To Sell is Human

  1. Research In Motion is a legend one day and a laggard the next.
    Successful negotiators recommend that you should mimic the mannerisms of your negotiation partner to get a better deal. For example, when the other person rubs his/her  face, you should, too. If he/she leans back or leans forward in the chair, you should, too. However, they say it is very important that you mimic subtly enough that the other person does not notice what you are doing. Otherwise this technique completely backfires.
  2. Other research demonstrates mimicry's effectiveness. For example, a Dutch study found that waitresses who repeated diners' orders word for word earned 70% more tips than those who paraphrased orders - and that customers with servers who mimicked were more satisfied with their dining experience.
    As much as perspective-taking and empathy are fraternal twins, mimicry has a first cousin: touching.
  3. Strategic mimicry's 3 key steps: Watch, Wait and Wane

    1) Watch: observe what the other person is doing. How is he sitting? Are his legs crossed? His arms? Does he lean back? Tilt to one side? Tap his toe? 

    2) Wait: Once you've observed, don't spring immediately into action. Let the situation breathe. If he leans back, count to fifteen, then consider leaning back, too. If he makes an important point, repeat back the main idea verbatim - but a bit later in the conversation. Don't do this too may times, though. It's not a contest in which you're piling up points per mimic.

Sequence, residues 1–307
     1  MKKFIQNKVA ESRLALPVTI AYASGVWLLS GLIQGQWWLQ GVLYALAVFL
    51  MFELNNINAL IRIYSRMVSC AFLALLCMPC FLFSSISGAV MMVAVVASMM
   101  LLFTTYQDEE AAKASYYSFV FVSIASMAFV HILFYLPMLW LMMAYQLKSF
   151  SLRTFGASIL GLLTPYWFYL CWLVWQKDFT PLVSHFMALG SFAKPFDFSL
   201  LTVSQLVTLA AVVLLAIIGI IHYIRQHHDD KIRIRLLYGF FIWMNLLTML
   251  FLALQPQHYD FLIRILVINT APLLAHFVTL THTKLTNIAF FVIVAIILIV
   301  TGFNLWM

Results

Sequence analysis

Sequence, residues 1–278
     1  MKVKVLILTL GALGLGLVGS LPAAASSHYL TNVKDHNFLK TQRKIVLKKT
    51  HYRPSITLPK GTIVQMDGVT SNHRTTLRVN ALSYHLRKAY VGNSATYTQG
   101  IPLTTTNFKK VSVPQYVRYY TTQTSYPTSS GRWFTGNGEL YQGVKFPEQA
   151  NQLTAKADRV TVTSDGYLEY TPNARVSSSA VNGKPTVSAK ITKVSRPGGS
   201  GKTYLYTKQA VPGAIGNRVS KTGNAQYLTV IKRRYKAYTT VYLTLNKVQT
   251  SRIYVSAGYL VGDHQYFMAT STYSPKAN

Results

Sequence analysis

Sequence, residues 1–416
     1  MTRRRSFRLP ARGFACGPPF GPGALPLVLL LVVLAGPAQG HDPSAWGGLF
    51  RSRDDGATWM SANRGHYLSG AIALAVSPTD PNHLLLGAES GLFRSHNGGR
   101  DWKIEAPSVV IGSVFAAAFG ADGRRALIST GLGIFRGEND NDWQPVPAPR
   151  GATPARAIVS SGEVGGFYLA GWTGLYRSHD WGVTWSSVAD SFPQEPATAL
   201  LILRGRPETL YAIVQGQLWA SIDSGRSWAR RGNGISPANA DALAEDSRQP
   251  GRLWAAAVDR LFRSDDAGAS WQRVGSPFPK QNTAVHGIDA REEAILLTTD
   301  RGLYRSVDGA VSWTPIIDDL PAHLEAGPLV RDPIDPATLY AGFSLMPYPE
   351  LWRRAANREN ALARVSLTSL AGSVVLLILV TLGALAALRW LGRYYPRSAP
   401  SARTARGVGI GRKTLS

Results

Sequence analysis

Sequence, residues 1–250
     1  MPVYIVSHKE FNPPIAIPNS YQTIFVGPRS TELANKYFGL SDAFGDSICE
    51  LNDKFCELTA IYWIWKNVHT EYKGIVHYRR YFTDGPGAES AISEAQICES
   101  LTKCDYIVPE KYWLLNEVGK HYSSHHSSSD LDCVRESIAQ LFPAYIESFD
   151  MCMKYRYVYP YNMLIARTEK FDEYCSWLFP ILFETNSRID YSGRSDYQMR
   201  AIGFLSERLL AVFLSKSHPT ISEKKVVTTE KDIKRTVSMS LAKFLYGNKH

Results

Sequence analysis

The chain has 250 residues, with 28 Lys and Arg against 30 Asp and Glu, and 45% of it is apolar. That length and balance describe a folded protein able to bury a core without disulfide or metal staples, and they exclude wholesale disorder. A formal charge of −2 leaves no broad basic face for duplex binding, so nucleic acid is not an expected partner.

3) Wane: After you've mimicked a little, try to be less conscious of what you're doing. This is something that human do naturally, so at some point, it will begin to feel effortless.
  4. Imagine that you're readying yourself for an important meeting in which you must pitch an idea and marshal support for it. You could tell yourself, "I'm the best. This is going to be a breeze," and that might give you a short-term emotional boost. But if you instead ask, "Can I make a great pitch?" the research has found that you provide yourself something that reaches deeper and lasts longer. You might respond to yourself, "Well, yes, I can make a great pitch. In fact, I've probably pitched ideas at meeting two dozen times in my life." You might remind yourself of your preparation. "Sure, I can do this. I know this material inside out and I've got some great examples to persuade the people who might be skeptical." You might also give yourself specific tactical advice. "At the last meeting like this, I spoke too quickly - so this time I'll slow down. Sometimes in these situations, I get flustered by questions, so this time I'll take a breath before responding." Mere affirmation feels good and that helps. But it doesn't prompt you to summon the resources and strategies to actually accomplish the task.
    Levity is that unseen force that lifts you skyward, whereas gravity is the opposing force that pulls you earthward. Unchecked levity leaves you flighty, ungrounded, and unreal. Unchecked gravity leaves you collapsed in a heap of misery. Yet when properly combined, these two opposing forces leave you buoyant.
  5. As a result, your email subject line should be either obviously useful (Found the best & cheapest photocopier) or mysteriously intriguing (A photocopy breakthrough), but probably not both (The Cannon IR2545 is a photocopy breakthrough).
    Along with utility and curiosity is a third principle: specificity. Indeed, Brian Clark recommends that subject lines should be "ultra-specific." Thus a mushy subject line Improve your golf swing achieves less than one offering 4 tips to improve your golf swing this afternoon.
Card Set
To Sell is Human
Daniel Pink